Initially, the students mapped the area and established the boundary. The ODC lies just behind the large Sports Complex which was opened in January 2017 and is also adjacent to the Junior School so is easily accessible as a learning area. The baseline study and initial planning took place in June 2016 where students drew up a land use map of the area. Botanists from the nearby Universiti Brunei Darussalam assisted in identifying plants in the remaining areas of woodland. The students tested the soil and indigenous Bruneian saplings such as the Simpur were planted in the open areas.
Since September 2016, a group of students have met weekly, mentored by a local permaculture expert to focus on using garden waste in a composting project. The infrastructure for the ODC was developed with pathways, seating, signs and fencing being installed by the students, assisted by teachers. In April 2017, for Earth Week, the first opportunity to showcase the ODC to the local community in Brunei arose.
The ODC was used as the backdrop and focus for the celebrations that week. Activities were arranged for the whole school and a range of local NGOs invited to participate. Many of the local NGOs continue to be involved at the site. The School is delighted that the local community can participate in educating the students in this way.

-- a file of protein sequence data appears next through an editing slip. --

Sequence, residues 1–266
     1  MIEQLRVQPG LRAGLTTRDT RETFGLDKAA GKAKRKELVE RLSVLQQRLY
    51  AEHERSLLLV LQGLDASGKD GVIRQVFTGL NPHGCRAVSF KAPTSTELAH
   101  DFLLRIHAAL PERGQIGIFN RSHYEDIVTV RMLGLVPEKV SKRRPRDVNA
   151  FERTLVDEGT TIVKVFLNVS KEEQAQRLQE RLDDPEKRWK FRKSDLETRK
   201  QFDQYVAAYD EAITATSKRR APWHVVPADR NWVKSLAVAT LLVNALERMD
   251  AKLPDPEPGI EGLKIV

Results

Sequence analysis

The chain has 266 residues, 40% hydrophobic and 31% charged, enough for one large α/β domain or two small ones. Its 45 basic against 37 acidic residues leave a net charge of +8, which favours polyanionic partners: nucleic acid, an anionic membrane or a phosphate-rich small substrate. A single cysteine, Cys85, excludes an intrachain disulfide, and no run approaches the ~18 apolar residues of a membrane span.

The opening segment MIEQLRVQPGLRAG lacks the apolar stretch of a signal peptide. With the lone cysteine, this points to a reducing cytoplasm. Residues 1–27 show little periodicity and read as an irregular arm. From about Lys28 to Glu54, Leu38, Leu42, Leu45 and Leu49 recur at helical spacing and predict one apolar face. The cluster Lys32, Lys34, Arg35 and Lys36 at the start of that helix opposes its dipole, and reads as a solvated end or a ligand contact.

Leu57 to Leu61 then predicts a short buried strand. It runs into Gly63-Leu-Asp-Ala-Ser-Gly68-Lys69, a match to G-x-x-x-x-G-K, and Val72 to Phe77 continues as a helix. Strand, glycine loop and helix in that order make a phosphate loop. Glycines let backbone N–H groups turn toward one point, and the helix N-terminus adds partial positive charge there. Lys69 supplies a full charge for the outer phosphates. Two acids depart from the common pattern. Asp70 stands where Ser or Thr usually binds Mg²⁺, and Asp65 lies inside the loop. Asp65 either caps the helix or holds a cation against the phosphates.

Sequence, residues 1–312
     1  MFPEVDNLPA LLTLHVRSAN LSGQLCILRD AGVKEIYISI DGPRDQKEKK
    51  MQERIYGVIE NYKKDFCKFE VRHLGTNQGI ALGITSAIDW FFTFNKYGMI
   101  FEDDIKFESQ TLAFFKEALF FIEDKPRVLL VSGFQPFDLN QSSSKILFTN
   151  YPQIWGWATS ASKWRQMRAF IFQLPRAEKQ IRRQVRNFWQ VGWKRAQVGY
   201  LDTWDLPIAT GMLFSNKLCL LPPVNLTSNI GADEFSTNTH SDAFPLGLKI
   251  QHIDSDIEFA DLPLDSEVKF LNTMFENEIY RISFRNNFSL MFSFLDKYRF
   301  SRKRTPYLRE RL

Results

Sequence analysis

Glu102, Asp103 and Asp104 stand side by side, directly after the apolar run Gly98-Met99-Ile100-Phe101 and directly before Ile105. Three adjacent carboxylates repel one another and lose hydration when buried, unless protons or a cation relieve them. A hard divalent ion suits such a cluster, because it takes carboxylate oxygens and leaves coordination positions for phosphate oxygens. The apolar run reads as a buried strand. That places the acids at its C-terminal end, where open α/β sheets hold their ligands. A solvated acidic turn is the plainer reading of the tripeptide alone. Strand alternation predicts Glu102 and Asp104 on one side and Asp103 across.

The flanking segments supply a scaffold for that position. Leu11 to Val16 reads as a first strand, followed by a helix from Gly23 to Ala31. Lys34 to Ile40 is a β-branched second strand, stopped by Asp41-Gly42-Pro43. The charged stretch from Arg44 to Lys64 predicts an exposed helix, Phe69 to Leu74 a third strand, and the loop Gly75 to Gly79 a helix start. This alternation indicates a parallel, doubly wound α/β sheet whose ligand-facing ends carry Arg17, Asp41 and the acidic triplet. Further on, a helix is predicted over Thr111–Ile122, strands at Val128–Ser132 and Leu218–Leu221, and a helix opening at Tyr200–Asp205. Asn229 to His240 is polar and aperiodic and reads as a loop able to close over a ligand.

A highlight of Earth Week was the judging of the Herb Spiral, designed and constructed by Senior School students as part of an ‘inter-House’ competition. This provided opportunities for the students of different ages to collaborate and work together in the process. New friendships have been made and opportunities for teamwork and leadership have been created.
Coco Bennett, a final year A Level student: “Not only has this CCA made integration possible betweenthe different year groups, it gave me a chance to step outside my comfort zone.Therefore, I encourage that other schools should give the same opportunity to their students.”
Junior School students and Middle Years students visit the Outdoor Discovery Centre to discover more about the natural world and also to learn from projects older students are running. This includes curriculum-based topics and also after school as part of the co-curricular sessions. Many of the School’s Duke of Edinburgh Award students have chosen to carry out their Service or Skills activities in the ODC.